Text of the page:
Over the years, with all the mitigating circumstances of the world crisis, GM has put its efforts to make the brand fail with models that do not quite live up to the coat of arms and expectations. Production of the Pontiacs had stopped about a year ago, while the unsold was officially treated until 31 October. Precisely the date on which the cancellation of all American dealerships was scheduled. Goodbye Pontiac; we hope this is just a pause waiting for a new and well-deserved relaunch.
Pontiac (“Pontiac”) is a now default American brand of cars produced from 1926 – 2009, and its manufacturer was founded in 1899 as an independent company for the production of carriages.[specify] . Since 1926, it has been a division of the American company General Motors and was closed in 2010 due to GM’s financial problems. Pontiac was headquartered inDetroit,Michigan,USA.
Brand and company history
Pontiac Spring and Wagon Works were founded in July 1899 by Albert G. North and Harry G. Hamilton. The name of the brand was in honor of the Indian leader named Pontiac, who in 1763 – 1766. fought against the British colonists in the vicinity of the Great Lakes and in the territories of the current states ofIllinoisandOhio. Initially, the company produced carriages. It was joined in 1905 by the Rapid Motor Vehicle Company(a future division of GMC Truck), founded two years earlier. In 1907 at the Chicago Auto Show (English)rus.It weighed 450 kg and had a two-cylinder engine that developed 12hp of thrust. With.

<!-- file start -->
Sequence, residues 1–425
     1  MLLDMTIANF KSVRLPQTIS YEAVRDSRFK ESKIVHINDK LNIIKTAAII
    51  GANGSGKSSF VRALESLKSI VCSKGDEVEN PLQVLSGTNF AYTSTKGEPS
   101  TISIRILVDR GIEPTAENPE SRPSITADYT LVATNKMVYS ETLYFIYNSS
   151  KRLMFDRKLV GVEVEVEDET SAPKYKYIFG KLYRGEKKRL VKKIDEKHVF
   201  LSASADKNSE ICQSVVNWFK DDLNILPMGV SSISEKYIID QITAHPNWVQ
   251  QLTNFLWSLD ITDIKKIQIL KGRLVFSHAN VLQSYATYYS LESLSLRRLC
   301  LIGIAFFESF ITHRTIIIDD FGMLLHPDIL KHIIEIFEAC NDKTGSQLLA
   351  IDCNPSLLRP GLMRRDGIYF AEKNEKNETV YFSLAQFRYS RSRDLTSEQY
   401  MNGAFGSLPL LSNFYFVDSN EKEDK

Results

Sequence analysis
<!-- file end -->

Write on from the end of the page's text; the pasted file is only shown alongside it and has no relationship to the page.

In 1909, GM acquires the first 50% of the shares, and then, after the death of Edward Murphy, the rest. Until 1926, the division was engaged in the production of Oakland cars. (English)Rus
In 1926, Oakland and Pontiac become two different brands,
and then the company becomes known as the “Pontiac Motor Division”.
At the same time, the company’s first car comes out -the Pontiac 6-27followed by cars of theBig Six series and the first eight-cylinder model. In 1933,
Harry Klinger became the company’s CEO, the company produces updated models with 6-cylinder engines equipped with independent suspension.
All the Indian tribes of eastern North America entered into an alliance with Pontiac. The fight against the British was quite fruitful, but in 1766, after a long siege of Detroit, Pontiac was forced to make peace and recognize the authority of the English king. He subsequently died under unclear circumstances. In honor of Pontiac, cities in the states of Michigan, Illinois, Indiana, and also in Quebec, Canada was named.
The Pontiac brand almost completely repeated the story of its famous Native American namesake. The last Pontiac rolled off the General Motors assembly line more than five years ago, and there are fewer and fewer of these cars on the road every day. Fewer Catalinas, fewer Bonnevilles, fewer GTOs, fewer Trans Ams, and Aztecs will soon run out too. Naturally, collectors and administrations of automobile museums have already taken care of acquiring the most interesting specimens for their expositions. But the majority, as usual, will be scrapped.